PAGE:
- Accurate, Local Home Energy Monitoring: Part 1 – Hardware
- Accurate, Local Home Energy Monitoring: Part 2 – Network Config
Ever wondered where the energy is going in your house and know exactly when and which circuit is consuming the most electricity? How much is your air conditioning unit costing you each month in kWh?
Home energy monitors are devices that you can use to monitor how much energy you’re using at any given point in time. You can use them to figure out how much each device or circuit you’re using overnight vs the day. If you have differing energy costs at the day vs night, you can use them to ensure devices run at lower cost time of day, you can use it to as part of a smart home automation to automatically notify you when your washing machine is done, or even identify when you need to upgrade a circuit because your server room is pulling too much.
In this post, I’m going to walk through the different products I considered for a project at a friend’s house, pros and cons, and how to order the appropriate equipment.
Several different companies make solutions that monitor your energy usage. All of the ones I considered make use of CTs (current transformers) that clamp around the wire to sense the current flowing across that wire.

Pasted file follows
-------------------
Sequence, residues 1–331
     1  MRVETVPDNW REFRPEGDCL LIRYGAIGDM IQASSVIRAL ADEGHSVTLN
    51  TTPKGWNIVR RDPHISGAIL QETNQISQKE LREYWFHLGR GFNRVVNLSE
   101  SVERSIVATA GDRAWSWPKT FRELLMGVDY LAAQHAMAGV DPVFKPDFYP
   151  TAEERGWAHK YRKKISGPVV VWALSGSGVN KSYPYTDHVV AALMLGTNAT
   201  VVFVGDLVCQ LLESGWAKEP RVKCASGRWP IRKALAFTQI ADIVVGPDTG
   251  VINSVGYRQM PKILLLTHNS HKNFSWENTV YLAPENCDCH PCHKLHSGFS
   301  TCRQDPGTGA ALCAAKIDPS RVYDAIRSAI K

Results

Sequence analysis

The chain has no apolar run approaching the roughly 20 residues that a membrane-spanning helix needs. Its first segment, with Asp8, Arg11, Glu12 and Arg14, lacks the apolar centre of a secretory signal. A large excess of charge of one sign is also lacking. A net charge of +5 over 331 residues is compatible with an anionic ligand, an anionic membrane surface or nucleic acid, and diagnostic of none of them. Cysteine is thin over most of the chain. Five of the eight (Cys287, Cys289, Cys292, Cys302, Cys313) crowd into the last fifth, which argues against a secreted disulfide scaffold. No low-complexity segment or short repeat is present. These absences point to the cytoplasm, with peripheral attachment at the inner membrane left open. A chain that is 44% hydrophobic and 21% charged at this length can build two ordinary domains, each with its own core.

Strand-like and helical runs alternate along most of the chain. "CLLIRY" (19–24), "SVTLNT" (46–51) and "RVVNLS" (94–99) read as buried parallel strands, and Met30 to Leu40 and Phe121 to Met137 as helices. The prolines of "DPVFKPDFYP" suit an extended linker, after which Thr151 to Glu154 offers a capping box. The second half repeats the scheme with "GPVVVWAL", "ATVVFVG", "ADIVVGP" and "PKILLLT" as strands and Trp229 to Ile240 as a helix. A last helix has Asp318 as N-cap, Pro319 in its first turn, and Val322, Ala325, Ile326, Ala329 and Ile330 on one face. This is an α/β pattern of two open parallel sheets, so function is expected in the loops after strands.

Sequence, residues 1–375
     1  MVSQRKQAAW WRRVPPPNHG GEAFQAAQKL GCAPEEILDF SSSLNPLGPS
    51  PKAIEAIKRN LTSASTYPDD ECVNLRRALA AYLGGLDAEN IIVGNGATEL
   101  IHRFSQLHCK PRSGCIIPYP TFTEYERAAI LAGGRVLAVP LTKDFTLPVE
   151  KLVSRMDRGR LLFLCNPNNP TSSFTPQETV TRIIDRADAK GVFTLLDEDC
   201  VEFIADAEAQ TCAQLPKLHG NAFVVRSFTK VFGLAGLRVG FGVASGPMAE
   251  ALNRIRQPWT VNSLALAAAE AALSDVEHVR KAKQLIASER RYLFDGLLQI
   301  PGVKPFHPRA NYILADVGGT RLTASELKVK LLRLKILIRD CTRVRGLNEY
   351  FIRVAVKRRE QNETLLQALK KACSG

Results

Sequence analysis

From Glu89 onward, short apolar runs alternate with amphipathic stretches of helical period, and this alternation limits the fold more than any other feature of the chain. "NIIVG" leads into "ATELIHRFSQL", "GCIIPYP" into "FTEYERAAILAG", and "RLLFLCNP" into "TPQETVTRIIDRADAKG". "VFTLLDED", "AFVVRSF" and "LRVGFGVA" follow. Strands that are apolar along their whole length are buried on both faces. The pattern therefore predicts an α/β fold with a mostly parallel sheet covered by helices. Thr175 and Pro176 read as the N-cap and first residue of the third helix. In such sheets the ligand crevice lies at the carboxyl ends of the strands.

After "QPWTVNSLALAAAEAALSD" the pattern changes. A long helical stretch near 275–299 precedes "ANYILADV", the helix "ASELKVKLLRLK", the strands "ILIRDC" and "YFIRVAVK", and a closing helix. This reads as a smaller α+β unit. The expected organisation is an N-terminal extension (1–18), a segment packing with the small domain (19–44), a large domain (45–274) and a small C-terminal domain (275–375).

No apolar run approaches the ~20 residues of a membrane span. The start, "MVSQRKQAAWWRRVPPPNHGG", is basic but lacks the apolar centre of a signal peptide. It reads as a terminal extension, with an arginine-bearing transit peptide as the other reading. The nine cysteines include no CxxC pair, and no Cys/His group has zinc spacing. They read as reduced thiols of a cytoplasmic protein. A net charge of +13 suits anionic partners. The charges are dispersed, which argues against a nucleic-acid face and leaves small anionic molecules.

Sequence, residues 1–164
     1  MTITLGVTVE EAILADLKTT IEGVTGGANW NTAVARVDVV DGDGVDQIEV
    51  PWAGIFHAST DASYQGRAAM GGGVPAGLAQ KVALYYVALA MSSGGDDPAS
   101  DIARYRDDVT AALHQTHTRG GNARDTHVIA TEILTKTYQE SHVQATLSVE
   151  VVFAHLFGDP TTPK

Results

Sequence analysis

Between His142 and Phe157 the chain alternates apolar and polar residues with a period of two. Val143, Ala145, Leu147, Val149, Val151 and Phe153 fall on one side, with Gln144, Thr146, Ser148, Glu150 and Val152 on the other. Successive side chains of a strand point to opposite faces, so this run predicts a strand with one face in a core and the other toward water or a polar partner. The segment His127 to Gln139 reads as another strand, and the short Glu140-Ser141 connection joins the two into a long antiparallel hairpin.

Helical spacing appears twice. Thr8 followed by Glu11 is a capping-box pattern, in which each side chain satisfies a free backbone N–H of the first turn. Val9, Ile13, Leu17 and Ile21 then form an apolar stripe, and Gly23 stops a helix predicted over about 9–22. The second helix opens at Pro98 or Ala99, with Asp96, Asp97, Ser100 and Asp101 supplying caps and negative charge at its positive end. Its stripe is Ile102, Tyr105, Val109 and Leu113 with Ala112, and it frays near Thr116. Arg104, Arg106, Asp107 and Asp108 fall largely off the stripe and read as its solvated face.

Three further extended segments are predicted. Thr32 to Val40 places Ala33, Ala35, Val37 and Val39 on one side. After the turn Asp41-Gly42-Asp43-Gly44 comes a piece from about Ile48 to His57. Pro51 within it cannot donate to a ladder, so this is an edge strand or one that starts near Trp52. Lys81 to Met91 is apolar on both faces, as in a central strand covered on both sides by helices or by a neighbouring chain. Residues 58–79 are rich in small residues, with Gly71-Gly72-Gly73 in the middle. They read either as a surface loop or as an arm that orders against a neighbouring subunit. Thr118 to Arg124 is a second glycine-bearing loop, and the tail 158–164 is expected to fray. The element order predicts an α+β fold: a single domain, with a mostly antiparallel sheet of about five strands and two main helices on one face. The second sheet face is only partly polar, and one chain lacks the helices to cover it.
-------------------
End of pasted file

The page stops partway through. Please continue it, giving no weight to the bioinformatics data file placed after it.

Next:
Sense provides two CTs that you attach to the two main lines into your circuit box. It does not monitor each circuit independently, but instead uses machine learning to try to identify what devices are running based on their signature.
While installation is simpler with only two CTs, it’s not able to measure load of each circuit and say that you’re about to exceed a circuit limit. Additionally, using ML to identify appliances is not guaranteed to actually work. It may not work and some reviews have attested that it can’t detect all appliances. Ultimately, using ML to detect device types adds risk to this project that it wouldn’t provide useful data compared to circuit level monitoring.
Sense is cloud-based where all energy usage is sent to the cloud. You can view this on the web or use an API to pull data back into whatever software you want to use.
Instead of using ML, Curb allows you to install CTs on individual circuits which allows you to break down the energy usage accurately between each circuit and show the total across all circuits. Compared to Sense, this can have the advantage of not trying to use ML to identify the type of device through signature and instead directly measure usage of that circuit. Although, it’s possible that if two or more devices are on the same circuit, ML-based sensing could independently detect both devices.
Curb is also cloud-based like Sense and requires an API to consume energy usage data into your own system.